Workman’s Comp Drug Testing Policy
Injuries in the workplace happen all the time. When they do, employees normally receive workers’ compensation to cover the cost of their injuries and treatment.
In Minnesota, employers can require that employees injured on the job take a drug test. However, Minnesota designed its workers’ compensation laws to protect injured workers. Even if you fail a drug test, you may still be eligible for workers’ compensation for your on-the-job injuries.
At Arechigo & Stokka, our experienced team will fight for you and make sure you get all the workers’ compensation benefits to which you are entitled.
Drug Testing Laws for Workers’ Comp in Minnesota
Under Minnesota law, employers have the right to require drug testing for employees who suffer an on-the-job injury.
However, the statute also requires that the employer have a written drug testing policy. The employer can request a drug test only in accordance with that written policy. If the employee tests positive, he or she also has the right to explain the positive test and the right to request a re-test within a specified time.
Do I Have to Take a Drug Test to Receive Workers’ Comp?
Minnesota’s workmans’ comp state law does not require that employees take a drug test before receiving workers’ compensation.
However, the employer still has the right to require a drug test before paying any workers’ comp benefits. If your employer requires a workers’ comp drug test, you may need to take it before you receive your benefits.
Failing a Drug Test Does Not Mean You Can’t Get Workers’ Comp
Even if you fail a workers’ comp drug test, you may still be eligible for benefits.
Under Minnesota’s law, if the drugs or alcohol are the proximate cause of the workplace injury, the employer may refuse to pay workers’ compensation benefits. But the burden of proving causation is on the employer.
The employer must provide evidence that:
- The employee was intoxicated, and
- The intoxication caused the injury or injuries.
Proving causation can be difficult, especially if other dangers existed that contributed to the injuries.
For example, a worker slips and falls while carrying a heavy object and breaks his arm. He tests positive for THC, the active ingredient in marijuana.
However, evidence shows that another worker carelessly spilled a liquid on the ground and did not clean up the spill or put out a sign warning of a slippery floor. The judge may find that the other worker’s carelessness, and not the drugs, were the proximate cause of the injury.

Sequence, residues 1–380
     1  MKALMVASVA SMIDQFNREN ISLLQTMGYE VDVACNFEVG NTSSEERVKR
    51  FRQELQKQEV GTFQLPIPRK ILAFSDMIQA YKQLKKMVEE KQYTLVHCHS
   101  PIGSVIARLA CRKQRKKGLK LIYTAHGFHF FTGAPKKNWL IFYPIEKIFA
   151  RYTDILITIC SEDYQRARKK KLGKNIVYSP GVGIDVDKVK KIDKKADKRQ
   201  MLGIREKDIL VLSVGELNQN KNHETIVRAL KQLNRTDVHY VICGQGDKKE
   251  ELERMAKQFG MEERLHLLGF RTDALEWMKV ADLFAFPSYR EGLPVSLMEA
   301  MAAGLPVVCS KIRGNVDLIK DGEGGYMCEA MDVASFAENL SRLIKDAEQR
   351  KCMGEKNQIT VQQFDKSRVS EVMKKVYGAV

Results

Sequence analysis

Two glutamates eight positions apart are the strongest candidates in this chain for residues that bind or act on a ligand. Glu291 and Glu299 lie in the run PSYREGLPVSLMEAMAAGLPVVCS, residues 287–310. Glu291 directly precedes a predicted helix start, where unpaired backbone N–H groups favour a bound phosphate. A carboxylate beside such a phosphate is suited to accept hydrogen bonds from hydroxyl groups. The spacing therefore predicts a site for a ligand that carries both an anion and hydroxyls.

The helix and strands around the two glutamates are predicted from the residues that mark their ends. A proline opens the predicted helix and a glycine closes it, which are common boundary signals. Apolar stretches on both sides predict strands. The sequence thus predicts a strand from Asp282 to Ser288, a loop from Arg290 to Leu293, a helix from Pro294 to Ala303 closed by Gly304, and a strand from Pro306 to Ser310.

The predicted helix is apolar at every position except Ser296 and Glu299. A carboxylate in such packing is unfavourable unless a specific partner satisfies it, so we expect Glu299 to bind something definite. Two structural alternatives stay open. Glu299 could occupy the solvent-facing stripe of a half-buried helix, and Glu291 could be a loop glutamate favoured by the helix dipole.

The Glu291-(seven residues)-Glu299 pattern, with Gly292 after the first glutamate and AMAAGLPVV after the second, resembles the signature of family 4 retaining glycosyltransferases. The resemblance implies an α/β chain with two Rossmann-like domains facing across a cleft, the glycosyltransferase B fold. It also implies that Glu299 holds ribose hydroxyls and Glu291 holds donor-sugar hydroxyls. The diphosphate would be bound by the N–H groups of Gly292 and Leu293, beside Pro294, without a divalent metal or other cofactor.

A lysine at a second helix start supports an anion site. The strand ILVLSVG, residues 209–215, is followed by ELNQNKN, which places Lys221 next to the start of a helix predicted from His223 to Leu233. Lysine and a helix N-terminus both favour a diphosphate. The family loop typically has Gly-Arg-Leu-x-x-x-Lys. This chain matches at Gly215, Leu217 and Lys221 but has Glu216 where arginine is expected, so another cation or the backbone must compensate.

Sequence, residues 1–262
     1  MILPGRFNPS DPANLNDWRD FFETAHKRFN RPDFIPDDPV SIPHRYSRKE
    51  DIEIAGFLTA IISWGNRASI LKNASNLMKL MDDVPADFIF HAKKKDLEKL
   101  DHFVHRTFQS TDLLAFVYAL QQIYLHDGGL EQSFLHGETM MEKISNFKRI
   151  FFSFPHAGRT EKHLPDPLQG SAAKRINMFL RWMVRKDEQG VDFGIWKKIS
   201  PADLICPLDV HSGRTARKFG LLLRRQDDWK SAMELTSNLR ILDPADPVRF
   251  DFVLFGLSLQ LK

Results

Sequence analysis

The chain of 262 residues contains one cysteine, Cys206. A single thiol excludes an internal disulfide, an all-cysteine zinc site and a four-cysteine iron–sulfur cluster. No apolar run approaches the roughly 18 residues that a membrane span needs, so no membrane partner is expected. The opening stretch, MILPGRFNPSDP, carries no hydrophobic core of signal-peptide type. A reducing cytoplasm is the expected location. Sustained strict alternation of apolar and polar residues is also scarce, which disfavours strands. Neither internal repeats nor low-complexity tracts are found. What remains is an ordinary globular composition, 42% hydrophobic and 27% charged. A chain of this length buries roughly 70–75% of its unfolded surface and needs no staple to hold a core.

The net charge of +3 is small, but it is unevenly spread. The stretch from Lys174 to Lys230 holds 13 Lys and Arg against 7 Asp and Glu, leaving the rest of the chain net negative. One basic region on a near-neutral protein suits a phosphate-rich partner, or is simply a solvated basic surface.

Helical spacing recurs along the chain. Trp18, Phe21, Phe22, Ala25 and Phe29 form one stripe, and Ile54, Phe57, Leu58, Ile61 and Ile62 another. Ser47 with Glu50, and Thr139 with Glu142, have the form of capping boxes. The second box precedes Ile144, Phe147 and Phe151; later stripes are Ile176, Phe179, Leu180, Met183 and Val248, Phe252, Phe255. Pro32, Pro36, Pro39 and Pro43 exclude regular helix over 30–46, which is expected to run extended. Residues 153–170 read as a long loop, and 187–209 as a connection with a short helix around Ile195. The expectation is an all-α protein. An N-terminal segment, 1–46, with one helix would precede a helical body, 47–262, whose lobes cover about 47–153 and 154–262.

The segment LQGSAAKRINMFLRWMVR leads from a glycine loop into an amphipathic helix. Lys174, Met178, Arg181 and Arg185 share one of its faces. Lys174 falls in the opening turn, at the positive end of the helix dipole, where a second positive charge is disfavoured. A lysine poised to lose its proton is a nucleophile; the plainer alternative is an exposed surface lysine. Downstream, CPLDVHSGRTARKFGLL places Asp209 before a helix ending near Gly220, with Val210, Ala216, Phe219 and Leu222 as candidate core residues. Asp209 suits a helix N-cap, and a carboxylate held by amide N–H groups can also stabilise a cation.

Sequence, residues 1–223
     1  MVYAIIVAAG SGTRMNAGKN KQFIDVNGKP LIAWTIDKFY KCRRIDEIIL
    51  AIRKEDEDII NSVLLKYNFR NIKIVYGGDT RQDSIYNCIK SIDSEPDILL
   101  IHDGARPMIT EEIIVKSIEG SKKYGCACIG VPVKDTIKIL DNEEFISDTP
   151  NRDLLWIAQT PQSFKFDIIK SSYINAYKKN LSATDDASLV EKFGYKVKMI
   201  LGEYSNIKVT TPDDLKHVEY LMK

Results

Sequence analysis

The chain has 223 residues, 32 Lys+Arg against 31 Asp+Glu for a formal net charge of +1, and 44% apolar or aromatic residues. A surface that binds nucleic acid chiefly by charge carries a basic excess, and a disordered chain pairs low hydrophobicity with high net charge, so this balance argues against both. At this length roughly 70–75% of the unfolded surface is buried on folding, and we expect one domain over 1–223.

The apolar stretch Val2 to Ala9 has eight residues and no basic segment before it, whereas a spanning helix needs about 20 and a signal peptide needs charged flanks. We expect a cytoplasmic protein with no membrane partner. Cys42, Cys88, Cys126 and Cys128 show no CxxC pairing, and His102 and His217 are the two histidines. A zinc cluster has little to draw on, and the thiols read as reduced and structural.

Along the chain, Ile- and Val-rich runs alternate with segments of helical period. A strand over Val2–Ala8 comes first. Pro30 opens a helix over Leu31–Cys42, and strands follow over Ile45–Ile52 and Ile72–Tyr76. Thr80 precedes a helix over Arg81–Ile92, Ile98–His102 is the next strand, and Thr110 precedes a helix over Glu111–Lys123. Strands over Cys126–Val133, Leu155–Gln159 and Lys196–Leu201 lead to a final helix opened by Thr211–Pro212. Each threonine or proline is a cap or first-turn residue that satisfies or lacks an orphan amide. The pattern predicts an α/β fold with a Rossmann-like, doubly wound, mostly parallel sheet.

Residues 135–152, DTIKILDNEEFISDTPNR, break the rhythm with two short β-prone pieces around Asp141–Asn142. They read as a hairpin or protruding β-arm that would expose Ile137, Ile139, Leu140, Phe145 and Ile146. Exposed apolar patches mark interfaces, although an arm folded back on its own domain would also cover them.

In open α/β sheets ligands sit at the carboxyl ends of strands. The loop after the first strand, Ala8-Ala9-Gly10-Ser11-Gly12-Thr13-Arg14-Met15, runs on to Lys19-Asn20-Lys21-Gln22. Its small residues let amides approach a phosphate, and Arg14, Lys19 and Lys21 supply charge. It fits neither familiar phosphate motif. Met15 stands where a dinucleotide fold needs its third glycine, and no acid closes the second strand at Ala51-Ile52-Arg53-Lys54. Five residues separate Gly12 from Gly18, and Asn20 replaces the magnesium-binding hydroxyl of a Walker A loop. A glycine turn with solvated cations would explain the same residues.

Bottom line: even if you test positive for drugs or alcohol, you may still be eligible for workers’ compensation benefits.
When Should I Contact an Attorney?
If you tested positive for drugs or alcohol following a workplace injury, you should contact a qualified Minnesota workers’ compensation attorney right away. An attorney can increase your chances of recovering your workers’ compensation benefits.
Workers’ comp cases can be complicated and time-consuming. An attorney understands how to defend your interests and ensure you receive the compensation you deserve. Your workers’ compensation lawyer understands which facts and circumstances are important for proving your case.
They can help you by:
- Gathering witness statements and police reports;
- Performing investigations of the workplace and the scene of the accident;
- Gathering medical records such as hospital reports and drug tests;
- Negotiating with your employer on your behalf; and
- Representing you if your case proceeds to trial.
Your lawyer will work with you to build a strong case and fight for the best possible outcome.
Contact a Qualified Workers’ Compensation Attorney Today
If you suffered a workplace injury, contact the law offices of Arechigo & Stokka today. Our knowledgeable attorneys have extensive experience defending our clients in Minnesota workers’ compensation cases.
We provide hands-on legal services, and our dedicated staff will answer your questions and provide you support every step of the way. We care about our clients and place their interests first.